In fact, having Notre Dame on the schedule gave the Sooners an opportunity at a national championship.
OU lost to Kansas State in September. But had the Sooners beaten the Irish on Oct. 27, there's a chance OU would have been No. 2 by season's end. Certainly OU would have risen to No. 5 in the BCS the next day.
When Kansas State and Oregon lost on Nov. 17, the Sooners would have been in prime position to ascend. It's likely we would be awaiting an OU-Alabama Big Bowl.
I'm not saying that's fair. I'm saying that's what would have been, all because the Sooners took on, and took out, Notre Dame.
Playing a solid nonconference schedule appears to be a near-requisite for national championship contenders.
In the last dozen years, only one of the 24 teams that have made the national title game played a nonconference schedule void of a name-brand opponent. The lone soldier was Texas 2009, when the Longhorns' toughest foes were Wyoming and Central Florida.
Every other team that made a Big Bowl since 2001 played a nonleague game of substance. Michigan or Penn State or Virginia Tech or Oregon or Arizona or Florida State or Miami or Cincinnati or Washington or TCU or UCLA or Alabama or Texas or Ohio State or Texas Tech or Washington State or Arkansas or Notre Dame or Brigham Young or Florida or Tennessee or Clemson.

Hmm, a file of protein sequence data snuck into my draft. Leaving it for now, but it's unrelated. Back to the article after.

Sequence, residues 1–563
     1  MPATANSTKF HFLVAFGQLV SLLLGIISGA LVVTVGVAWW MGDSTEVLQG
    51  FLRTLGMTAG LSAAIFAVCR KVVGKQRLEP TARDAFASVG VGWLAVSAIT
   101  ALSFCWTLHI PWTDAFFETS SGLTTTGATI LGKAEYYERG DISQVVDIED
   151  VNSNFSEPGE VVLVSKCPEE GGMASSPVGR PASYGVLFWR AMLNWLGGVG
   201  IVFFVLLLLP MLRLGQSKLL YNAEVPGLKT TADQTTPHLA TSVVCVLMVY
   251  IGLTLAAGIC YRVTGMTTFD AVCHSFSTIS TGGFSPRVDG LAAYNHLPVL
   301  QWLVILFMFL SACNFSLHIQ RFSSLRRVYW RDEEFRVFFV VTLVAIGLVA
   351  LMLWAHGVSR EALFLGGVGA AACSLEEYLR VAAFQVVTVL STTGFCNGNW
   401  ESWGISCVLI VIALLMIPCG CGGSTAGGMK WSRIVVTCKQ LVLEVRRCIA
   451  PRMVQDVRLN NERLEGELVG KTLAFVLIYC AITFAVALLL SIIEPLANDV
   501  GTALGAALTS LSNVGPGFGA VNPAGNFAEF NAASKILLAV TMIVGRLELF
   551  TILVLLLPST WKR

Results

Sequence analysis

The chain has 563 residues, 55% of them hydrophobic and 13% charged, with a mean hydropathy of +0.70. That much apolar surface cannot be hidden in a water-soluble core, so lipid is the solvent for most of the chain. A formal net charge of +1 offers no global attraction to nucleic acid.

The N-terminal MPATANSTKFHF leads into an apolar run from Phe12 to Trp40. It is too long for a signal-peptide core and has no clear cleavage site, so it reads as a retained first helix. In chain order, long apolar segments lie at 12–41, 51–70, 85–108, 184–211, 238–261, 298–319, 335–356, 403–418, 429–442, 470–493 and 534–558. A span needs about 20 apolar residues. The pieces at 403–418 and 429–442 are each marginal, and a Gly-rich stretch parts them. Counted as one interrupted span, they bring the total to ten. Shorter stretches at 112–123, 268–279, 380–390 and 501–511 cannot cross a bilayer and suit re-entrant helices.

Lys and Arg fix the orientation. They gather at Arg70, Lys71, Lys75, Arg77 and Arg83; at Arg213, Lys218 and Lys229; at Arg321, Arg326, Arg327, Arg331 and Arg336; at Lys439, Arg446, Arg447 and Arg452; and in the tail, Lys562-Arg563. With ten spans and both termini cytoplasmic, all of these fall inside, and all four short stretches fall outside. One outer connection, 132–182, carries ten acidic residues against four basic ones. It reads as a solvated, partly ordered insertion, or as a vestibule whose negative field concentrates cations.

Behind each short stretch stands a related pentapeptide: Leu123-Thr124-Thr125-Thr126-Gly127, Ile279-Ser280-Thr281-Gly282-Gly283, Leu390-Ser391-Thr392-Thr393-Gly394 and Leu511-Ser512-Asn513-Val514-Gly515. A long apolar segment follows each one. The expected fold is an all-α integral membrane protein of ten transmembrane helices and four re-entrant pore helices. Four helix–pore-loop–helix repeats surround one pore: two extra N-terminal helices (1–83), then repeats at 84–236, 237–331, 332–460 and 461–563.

Same with Big 12 champs. OU played Alabama in 2002, Oregon in 2004 and 2006, Washington in 2006, Miami in 2007, and Florida State and Cincinnati in 2010. Texas played Ohio State in 2005. OSU played Arizona in '11.
Even ol' Bill Snyder and Kansas State in 2003 (California) and 2012 (Miami) played a name-brand team.
Play a weak schedule if you want to. But don't try to make us believe it's a primrose path to a championship. The opposite is true.
Berry Tramel: Berry can be reached at (405) 760-8080 or at firstname.lastname@example.org. He can be heard Monday through Friday from 4:40-5:20 p.m. on The Sports Animal radio network, including FM-98.1. You can also view his personality page at newsok.com/berrytramel.